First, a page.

Wangari Maathai’s biographical details, including, of course, her creation of Kenya’s Green Belt Movement, are explicitly linked to feminist and human rights issues during her lifetime in this picture book.
After an introduction to Wangari Maathai as a woman who “carried out her important work with important people”—and an immediate, affirming reference to “village women” as important people—the text moves into a present-tense description of the life and times of Wangari, “she who belongs to the leopard.” Every double-page spread features striking, stylized artwork in lush colors, enhancing a thoughtful text. Predominant Kenyan attitudes toward women are boldly laid out: “Who is this woman who confronts them [Kenya’s governing males] with a confident voice in a country where women are supposed to listen and lower their eyes in men’s presence?” Similarly, the United States is indicted for its treatment of blacks during Wangari’s years of education there, and President Daniel arap Moi is exposed as both an anti-environmentalist and a man “who orders police to shoot at crowds of demonstrators.” The effects of British colonialism and tribal differences are also economically folded in. The biography officially concludes with Maathai’s Nobel Peace Prize and is followed by an abundance of further information.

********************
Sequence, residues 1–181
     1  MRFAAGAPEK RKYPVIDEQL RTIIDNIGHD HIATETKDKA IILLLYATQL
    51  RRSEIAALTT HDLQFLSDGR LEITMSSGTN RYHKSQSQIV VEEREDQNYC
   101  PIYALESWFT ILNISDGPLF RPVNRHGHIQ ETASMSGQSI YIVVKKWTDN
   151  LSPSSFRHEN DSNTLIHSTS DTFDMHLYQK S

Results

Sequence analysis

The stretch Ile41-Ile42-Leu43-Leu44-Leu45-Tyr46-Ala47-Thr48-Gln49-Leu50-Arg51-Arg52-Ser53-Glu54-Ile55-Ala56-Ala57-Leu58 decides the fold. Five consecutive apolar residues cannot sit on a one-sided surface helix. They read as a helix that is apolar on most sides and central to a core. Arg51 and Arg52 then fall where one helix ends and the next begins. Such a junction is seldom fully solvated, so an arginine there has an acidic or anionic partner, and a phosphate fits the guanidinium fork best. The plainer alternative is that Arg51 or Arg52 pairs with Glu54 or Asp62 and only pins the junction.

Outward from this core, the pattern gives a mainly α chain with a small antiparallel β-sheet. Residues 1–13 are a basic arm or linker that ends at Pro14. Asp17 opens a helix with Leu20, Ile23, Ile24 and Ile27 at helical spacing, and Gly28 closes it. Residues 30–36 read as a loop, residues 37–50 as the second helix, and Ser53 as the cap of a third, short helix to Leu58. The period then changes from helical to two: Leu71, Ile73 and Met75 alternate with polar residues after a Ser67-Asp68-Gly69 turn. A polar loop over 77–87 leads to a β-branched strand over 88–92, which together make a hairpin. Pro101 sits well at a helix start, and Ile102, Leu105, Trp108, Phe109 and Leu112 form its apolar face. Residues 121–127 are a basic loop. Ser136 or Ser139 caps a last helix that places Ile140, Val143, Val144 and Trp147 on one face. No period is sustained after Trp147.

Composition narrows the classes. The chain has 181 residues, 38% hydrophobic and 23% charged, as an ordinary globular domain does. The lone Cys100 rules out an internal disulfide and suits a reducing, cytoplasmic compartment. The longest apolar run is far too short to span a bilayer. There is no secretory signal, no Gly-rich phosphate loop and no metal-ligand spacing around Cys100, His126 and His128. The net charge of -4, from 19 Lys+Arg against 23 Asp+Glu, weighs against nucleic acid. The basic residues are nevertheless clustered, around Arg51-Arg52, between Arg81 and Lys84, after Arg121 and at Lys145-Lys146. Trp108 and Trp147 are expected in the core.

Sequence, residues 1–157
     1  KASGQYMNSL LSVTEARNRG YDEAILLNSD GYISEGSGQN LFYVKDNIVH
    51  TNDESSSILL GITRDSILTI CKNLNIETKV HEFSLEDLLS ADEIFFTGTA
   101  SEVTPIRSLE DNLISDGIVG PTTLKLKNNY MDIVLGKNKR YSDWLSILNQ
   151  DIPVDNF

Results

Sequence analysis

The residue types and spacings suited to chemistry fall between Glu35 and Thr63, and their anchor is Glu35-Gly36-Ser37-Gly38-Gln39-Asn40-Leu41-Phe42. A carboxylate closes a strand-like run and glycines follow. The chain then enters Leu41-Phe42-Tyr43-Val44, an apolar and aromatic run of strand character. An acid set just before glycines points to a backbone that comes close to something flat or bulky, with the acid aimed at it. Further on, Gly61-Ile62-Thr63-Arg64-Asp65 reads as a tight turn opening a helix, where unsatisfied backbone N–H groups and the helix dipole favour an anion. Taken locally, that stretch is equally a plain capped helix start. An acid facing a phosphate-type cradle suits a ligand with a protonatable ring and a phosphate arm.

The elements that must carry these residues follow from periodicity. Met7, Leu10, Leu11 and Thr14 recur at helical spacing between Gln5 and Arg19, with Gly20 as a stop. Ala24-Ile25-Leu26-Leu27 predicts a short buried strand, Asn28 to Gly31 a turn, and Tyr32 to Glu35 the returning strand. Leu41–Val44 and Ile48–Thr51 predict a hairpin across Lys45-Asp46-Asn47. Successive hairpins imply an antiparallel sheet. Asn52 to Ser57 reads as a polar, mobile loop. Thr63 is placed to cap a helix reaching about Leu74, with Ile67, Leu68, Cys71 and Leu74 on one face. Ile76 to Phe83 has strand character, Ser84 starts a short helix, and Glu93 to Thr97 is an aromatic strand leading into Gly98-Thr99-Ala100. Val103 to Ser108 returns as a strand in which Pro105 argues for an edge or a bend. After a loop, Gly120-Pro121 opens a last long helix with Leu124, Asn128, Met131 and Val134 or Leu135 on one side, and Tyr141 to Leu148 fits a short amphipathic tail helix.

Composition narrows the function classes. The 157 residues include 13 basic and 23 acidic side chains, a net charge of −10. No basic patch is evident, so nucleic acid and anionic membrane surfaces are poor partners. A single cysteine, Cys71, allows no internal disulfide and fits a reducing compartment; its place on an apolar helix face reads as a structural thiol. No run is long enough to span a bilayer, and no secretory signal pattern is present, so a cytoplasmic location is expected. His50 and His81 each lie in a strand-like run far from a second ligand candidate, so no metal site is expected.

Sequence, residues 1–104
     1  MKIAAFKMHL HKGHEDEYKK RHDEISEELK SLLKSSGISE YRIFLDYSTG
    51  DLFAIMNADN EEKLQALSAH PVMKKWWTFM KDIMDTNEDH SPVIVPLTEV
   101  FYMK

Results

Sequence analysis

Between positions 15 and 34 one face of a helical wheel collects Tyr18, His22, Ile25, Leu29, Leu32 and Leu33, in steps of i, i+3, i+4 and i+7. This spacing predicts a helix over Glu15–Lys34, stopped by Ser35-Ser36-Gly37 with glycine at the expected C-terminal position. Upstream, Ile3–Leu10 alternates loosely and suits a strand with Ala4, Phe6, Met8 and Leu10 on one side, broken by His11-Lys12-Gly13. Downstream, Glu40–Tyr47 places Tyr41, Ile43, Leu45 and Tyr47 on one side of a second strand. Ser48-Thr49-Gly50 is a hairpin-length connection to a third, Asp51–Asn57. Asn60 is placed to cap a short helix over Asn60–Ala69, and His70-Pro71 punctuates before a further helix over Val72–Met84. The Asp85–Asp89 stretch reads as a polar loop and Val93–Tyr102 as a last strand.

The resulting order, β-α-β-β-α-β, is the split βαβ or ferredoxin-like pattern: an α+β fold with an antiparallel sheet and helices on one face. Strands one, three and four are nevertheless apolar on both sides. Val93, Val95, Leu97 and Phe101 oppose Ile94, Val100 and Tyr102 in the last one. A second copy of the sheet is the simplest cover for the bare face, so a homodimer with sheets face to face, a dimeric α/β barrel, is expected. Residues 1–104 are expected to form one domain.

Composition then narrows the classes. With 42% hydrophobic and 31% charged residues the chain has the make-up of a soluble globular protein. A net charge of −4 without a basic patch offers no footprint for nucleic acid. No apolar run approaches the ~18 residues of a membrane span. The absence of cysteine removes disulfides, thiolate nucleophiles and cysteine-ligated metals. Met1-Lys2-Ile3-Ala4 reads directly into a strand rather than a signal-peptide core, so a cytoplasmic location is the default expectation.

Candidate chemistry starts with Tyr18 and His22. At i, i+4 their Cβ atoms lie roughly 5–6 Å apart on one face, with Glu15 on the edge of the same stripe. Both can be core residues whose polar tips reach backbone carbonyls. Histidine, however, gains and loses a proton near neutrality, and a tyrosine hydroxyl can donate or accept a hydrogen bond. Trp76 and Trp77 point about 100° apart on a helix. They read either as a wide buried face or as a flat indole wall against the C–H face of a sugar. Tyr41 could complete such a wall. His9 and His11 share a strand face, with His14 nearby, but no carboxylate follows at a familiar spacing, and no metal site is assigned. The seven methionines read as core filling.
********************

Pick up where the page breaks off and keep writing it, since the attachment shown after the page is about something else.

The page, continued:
This slim but emphatic biography stands out among others about Wangari Maathai with its well-crafted treatment of political issues. (Picture book/biography. 7-12)